The rest of may is pretty much a blur, we were busy and finding our feet training in staff ,
June continued like May 7 days a week early to late , first week of june dishwasher packs up, second week sinks block then a leak in the restaurant, drains block , a great start,
Mid June we were asked to talk to the culinary students at the ETB training centre, and from that David joined the team at Croí,
Go wild magazine named me as one of the signature chefs of the wild Atlantic way .
And an appearance in their magazine ensued ,
As July rolled in it saw the first appearance of a favourite dish of mine to date
A taste of the sea, scallops,clams,crab claws with trout caviar and a seaweed foam under a dome of Apple wood smoke , an instant hit with the customer’s.
Restaurant Ireland awards us 5 stars by the end of July, and I do a BBQ on top of HQ 5 stories up for a bit of fun,
Tuesday 4th sees the start of the mural on the side of Croí it’s a big space to cover,an artist impression of the first rose of tralee & her love. It turned out beautiful and is becoming increasingly an image of tralee ,
The Sunday independent mentioned us as a place to watch & vist and shane smith did a photo shoot for yes chef magazine ,summer is in full swing and a great time for foraging as well with heaps of goodness out there,
A cookery demo in the dome for taste Kerry & a visit for dinner by Nora Casey during the rose of tralee brought a busy month
September start with a personal point as I was made a member of euro toques , and the polly tunnels were started, taking only 2 days for 2 30 foot polly tunnels as we start to grow through the winter as well, we revive a highly recommended from Yes chef magazine and are shortlisted in three categories for their industry awards, and we book our tickets to food on the edge, I was meant to go last year but in the end couldn’t so I wasn’t gonna miss it this year, as the month was coming to a close we did a charity night for the donal Walsh foundation, Elaine kinsella of radio was the guest celebrity chef for the eveni my, the event was a great success and the start of the tralee food festival which should have had a demo by us Saturday in the square at 1 but it down poured and was called off, by now the polly tunnels are fully planted by John of 52week vegetable gardener, who will oversee and guide me on the grownimg journey.
The restaurant is still busy , which of course is great , Kevin has taken a break and Paul has had a few days off so the plan is that either/or both October/ November will be quite and I’ll take a few days,
As mentioned we were off to food on the edge in what turned out to be a busy month on all fronts we remained busy through October & November, and food on the edge was for me anyway an inspiration, a lesson, a mind opener, a turning point in many ways,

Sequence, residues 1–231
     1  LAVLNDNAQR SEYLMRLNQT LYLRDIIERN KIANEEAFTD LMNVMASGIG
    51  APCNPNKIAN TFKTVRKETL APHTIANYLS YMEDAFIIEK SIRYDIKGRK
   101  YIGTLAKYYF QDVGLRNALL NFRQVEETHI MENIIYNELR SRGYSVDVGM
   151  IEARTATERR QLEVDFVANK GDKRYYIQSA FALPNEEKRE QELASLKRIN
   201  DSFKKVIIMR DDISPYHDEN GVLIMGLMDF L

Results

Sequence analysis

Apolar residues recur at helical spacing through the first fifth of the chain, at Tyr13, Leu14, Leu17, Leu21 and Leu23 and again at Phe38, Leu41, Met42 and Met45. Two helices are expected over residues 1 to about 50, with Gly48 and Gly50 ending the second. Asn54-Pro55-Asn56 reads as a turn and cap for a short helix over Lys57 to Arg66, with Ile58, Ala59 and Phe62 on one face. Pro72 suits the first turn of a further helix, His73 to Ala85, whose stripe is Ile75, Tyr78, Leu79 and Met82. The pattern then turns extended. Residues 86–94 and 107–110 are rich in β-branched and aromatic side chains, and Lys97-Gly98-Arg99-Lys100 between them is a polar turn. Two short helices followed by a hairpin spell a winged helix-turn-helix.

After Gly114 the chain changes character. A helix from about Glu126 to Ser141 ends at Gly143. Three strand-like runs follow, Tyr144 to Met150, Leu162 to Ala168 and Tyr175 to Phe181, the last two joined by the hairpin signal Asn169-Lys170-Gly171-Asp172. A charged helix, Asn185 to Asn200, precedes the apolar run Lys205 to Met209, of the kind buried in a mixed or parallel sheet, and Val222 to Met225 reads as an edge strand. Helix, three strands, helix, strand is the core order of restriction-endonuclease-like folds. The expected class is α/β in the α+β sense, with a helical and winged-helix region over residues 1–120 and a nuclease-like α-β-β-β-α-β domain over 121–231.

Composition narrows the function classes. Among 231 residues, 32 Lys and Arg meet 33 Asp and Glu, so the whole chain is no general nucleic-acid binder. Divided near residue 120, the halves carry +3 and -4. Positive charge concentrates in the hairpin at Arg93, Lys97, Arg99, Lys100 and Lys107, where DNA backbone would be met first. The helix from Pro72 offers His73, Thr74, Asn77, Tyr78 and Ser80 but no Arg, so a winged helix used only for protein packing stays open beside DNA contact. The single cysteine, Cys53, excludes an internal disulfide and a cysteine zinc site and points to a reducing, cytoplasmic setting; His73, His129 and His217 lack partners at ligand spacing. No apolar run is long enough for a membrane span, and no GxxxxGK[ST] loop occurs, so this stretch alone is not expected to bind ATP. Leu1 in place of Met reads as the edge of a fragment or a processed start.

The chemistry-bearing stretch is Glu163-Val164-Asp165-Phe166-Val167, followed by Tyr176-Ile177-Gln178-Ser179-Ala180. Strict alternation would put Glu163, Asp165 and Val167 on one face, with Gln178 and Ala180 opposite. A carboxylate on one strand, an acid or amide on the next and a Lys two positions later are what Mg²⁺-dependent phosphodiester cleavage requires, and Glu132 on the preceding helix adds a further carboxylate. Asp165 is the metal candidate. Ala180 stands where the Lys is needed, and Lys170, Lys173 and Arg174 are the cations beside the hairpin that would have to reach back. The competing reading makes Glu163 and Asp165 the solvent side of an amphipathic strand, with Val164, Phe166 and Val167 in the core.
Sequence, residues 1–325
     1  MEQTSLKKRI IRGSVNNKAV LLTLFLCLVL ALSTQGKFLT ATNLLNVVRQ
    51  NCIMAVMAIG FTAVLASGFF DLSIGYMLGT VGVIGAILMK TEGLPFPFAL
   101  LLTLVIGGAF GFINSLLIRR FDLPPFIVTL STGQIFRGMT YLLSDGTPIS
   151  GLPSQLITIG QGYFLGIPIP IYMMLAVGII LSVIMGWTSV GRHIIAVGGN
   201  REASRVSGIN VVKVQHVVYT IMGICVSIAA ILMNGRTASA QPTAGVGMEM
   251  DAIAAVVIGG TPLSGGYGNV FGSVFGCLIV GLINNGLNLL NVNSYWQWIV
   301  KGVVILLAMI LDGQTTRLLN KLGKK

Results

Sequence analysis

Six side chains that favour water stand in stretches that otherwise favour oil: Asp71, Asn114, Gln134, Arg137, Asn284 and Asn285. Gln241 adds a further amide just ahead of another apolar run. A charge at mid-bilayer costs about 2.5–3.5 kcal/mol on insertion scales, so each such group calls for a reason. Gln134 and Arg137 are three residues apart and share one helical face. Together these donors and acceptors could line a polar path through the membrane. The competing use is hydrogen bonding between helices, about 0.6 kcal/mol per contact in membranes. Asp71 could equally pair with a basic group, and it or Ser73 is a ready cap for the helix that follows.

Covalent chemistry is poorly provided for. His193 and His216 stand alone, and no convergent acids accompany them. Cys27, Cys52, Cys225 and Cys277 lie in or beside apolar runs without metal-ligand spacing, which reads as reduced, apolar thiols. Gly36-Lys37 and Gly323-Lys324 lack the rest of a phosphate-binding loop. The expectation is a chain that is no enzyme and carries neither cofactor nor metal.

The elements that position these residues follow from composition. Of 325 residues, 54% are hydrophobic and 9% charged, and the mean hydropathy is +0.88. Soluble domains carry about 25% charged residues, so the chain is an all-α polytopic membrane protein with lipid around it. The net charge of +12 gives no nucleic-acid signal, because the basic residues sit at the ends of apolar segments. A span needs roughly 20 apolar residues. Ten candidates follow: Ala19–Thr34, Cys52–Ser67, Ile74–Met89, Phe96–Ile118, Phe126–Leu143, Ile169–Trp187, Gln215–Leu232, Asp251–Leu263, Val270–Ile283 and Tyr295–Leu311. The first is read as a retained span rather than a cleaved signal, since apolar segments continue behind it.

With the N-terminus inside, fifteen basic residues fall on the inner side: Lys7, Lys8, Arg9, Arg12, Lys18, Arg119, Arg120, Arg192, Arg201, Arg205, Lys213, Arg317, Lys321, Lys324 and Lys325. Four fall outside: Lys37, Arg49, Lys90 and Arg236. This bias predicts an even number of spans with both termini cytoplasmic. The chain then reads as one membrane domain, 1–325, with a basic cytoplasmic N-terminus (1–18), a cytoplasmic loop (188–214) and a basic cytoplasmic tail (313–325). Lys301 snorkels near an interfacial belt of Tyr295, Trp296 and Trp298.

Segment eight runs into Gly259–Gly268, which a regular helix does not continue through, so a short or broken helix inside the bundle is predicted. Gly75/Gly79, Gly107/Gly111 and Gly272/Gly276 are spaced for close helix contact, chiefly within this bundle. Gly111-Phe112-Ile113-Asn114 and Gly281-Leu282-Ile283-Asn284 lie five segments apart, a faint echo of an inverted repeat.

Shortly after that we were off to the yes chef awards and took all the staff with us,
And we won best newcomer Munster award , what a way to end the month,….
November again saw lots happening first up was a cookery demo with myself Kevin, Marcus and max for ardfert national school,
Then the 100 day whiskey aged rib eye was started
Now the tunnels are producing away as well and unplanned cookery demo was landed on us last minute so myself Kevin & max did one in Garveys supermarket tralee, , Dale joined us on work experience
With our involvement a Christmas market was running every Friday through December so we opened for lunch these days , I hate doing lunch I really do……..
Our plaque arrived from Yes chef awards, and we got Another one a week later from Lucinda o Sullivan plaque of great places to eat 2018 who h was a welcome surprise
So as I sit here looking back at the last 12 months it’s been some ride and many laughs along the way, lots of highs and lows of course, trials & tribulations, but mostly fun and good times .
I know I left out loads from may on I could have wrote pages per month
But this will do for now
History of Ice Cream
A.D 54-68: For centuries, iced desserts were a luxury. Roman Emperor Nero is said to have sent his slaves into the mountains surrounding Rome, to fetch snow to mix with nectar, fruit pulp and honey.
A.D 618-907: The origins of ice cream date back to China’s T’ang period, probably as a dish for the country’s noble men. The founder of the dynasty, King T’ang of Shang, kept 94 “ice men” on hand to lug ice to the palace to make a dish of koumiss (heated, fermented milk), flour and camphor.
A.D 1295: Marco Polo returned to Italy from the Far East with a recipe that closely resembled what is now called sherbet. Historians estimate that this recipe evolved into ice cream sometime in the 16th century.
A.D 1744: American colonists brought along recipes from Europe. On May 19th, 1744, a group of VIP’s dined at the home or Maryland Governor Thomas Bladen. Present was a Scottish colonist who described “A Dessert…Among the Rarities of which is was Compos’d, was some fine Ice Cream which, with the Strawberries and Milk, eat most deliciously.” This is the first written account of ice cream consumption in the new colonies.